- Vi är inte rustade att möta de extrema risker vi står inför heter den debattartikel med Max Tegmark och Anders Sandberg som vi fick in i Göteborgs-Posten i torsdags, den 15 september. I förhållande till den engelskspråkiga litteraturen om globala katastrofrisker har vi inte så mycket nytt att komma med utöver en försiktig anpassning till svenska förhållanden av de rekommendationer som Toby Ord, Angus Mercer och Sophie Dannreuther gör för Storbritannien i deras rapport Future Proof, men ämnet är ohyggligt viktigt och det vi säger om behovet av förebyggande arbete tål att upprepas.
- Idag släppte den irländske filosofen John Danaher del 12 av sin podcast The Ethics of Academia med rubriken Olle Häggström on Romantics vs Vulgarists in Scientific Research - finns där poddar finns. Vi tar i vårt samtal avstamp i min text Vetenskap på gott och ont (finns även i engelsk översättning med rubriken Science for good and science for bad) och den lite karikatyrartade uppdelning av gängse forskningsetiska synsätt jag gör när jag kontrasterar de akademisk-romantiska mot de ekonomistisk-vulgära. Istället för att välja mellan dessa två förespråkar jag ett tredje synsätt som till skillnad mot de två andra tar vederbörlig hänsyn till de risker eventuella forskningsframsteg kan föra med sig.
tisdag 20 september 2022
torsdag 8 september 2022
The presumptuous philosopher
It is the year 2100 and physicists have narrowed down the search for a theory of everything to only two remaining plausible candidate theories: T1 and T2 (using considerations from super-duper symmetry). According to T1 the world is very, very big but finite and there are a total of a trillion trillion observers in the cosmos. According to T2, the world is very, very, very big but finite and there are a trillion trillion trillion observers. The super-duper symmetry considerations are indifferent between these two theories. Physicists are preparing a simple experiment that will falsify one of the theories. Enter the presumptuous philosopher: ''Hey guys, it is completely unnecessary for you to do the experiment, because I can already show you that T2 is about a trillion times more likely to be true than T1!''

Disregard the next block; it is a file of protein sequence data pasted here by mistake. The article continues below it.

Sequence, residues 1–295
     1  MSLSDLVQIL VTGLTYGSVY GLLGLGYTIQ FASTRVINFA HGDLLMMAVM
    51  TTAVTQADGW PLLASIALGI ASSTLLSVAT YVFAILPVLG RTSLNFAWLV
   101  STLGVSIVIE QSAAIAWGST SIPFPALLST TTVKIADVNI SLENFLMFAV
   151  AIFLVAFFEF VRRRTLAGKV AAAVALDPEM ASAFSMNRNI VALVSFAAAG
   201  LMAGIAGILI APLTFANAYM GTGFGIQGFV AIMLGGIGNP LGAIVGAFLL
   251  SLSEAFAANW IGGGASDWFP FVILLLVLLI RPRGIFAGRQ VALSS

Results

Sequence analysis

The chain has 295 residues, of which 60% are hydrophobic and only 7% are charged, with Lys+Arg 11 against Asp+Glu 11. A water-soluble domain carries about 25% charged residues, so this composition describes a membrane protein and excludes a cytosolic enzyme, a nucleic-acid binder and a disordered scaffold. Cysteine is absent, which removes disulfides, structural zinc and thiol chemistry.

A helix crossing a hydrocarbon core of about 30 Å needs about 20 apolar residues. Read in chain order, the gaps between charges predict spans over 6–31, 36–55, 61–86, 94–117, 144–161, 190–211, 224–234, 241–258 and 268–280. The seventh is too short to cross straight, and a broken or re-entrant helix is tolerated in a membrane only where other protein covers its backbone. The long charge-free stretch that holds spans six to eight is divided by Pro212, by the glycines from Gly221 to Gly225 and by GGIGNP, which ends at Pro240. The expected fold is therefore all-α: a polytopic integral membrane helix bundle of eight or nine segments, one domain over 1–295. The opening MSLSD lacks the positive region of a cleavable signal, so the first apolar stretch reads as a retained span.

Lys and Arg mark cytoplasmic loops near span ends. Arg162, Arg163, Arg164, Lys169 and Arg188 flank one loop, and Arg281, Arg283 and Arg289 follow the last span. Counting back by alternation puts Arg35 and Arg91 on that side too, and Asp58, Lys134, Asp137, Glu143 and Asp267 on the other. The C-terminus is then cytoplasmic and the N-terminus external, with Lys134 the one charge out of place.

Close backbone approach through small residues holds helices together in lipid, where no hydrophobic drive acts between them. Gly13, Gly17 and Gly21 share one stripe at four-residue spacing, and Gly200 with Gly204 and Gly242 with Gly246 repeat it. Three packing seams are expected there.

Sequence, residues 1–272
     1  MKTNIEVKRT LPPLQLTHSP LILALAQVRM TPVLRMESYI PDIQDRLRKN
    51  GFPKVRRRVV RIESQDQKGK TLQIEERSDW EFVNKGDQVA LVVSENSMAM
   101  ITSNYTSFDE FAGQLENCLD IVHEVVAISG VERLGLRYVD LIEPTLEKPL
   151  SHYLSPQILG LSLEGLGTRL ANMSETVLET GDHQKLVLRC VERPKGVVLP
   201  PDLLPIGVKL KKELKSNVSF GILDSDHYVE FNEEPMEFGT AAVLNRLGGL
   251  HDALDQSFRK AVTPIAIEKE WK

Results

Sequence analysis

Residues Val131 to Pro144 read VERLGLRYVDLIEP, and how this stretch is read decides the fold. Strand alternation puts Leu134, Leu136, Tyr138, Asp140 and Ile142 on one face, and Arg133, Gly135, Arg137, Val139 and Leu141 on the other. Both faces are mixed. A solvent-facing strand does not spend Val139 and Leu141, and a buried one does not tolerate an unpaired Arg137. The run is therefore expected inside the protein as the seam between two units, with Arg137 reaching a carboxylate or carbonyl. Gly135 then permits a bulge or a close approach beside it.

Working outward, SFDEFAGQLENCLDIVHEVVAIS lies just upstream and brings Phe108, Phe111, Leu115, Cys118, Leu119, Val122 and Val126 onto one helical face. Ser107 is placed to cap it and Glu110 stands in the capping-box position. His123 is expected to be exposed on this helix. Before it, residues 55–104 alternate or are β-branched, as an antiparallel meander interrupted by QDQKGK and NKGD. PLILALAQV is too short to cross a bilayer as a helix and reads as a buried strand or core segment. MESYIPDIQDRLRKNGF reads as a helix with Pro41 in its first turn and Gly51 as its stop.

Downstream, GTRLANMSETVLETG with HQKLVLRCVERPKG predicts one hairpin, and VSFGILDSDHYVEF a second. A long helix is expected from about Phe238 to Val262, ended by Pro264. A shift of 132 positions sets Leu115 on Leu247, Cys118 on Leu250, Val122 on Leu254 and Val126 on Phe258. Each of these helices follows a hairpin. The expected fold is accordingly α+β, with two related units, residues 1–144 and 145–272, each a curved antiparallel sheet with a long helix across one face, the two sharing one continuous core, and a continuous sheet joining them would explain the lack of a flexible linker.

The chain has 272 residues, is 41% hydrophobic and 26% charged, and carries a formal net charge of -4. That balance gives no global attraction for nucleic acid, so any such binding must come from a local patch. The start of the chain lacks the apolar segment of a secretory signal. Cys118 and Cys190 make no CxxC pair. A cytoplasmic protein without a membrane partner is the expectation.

Another presumptuous philosopher
It is the year 2100 and humanity has succeeded in the twin feats of (a) establishing that we are alone in the universe, and (b) once and for all solving xrisk, so that there is no longer any risk for permature extinction of humanity: our civilization will persist until the end of time. Physicists are on the verge of accomplishing a third feat, namely (c) finding the true and final theory of everything. They have narrowed down the search to only two remaining plausible candidate theories: T1 and T2 (using considerations from super-duper symmetry). According to T1 the world will last for a very, very long but finite amount of time, and there will be a total of a trillion trillion observers in the cosmos. According to T2, the world will last for a very, very, very long but finite amount of time, and there will be a trillion trillion trillion observers. The super-duper symmetry considerations are indifferent between these two theories. Physicists are preparing a simple experiment that will falsify one of the theories. Enter the SSA-adhering presumptuous philosopher: ''Hey guys, it is completely unnecessary for you to do the experiment, because I can already show you that T1 is about a trillion times more likely to be true than T2!''
2) I am here glossing over what ''random'' means (typically a uniform distribution, either over observers or so-called observer-moments), and even more so the meaning of ''relevant'', but the reader can rest assured that both Bostrom and 20 years of commentators treat these issues at length.
3) Olum (2002) suggests, for the same purpose, a different modification of Bostrom's original thought experiment. Here, super-duper symmetry comes with a vaguely Occam-like principle where, a priori, a theory of everything has probability inversely proportional to the size of the resulting universe. Bostrom and Cirkovic (2003), however, dismiss the example as far-fetched. I am not sure I find that dismissal convincing, but be that as it may, I still hope the modification I propose here is more to their taste.
onsdag 7 september 2022
- The Hinge of History means, roughly, the most important time in the entire human history (past, present and future), in which we either get our act together or do something really bad that destroys all or most of future value. This can be made more precise in various ways discussed in the preprint. An increasingly popular idea is that the Hinge of History is now. Will MacAskill pushes back against this idea in a recent paper called Are we Living at the Hinge of History?, and in my preprint I push back against his pushback.
- Longtermism, in the words of MacAskill in his recent book What We Owe the Future, is ''the idea that positively influencing the longterm future is a key moral priority of our time''.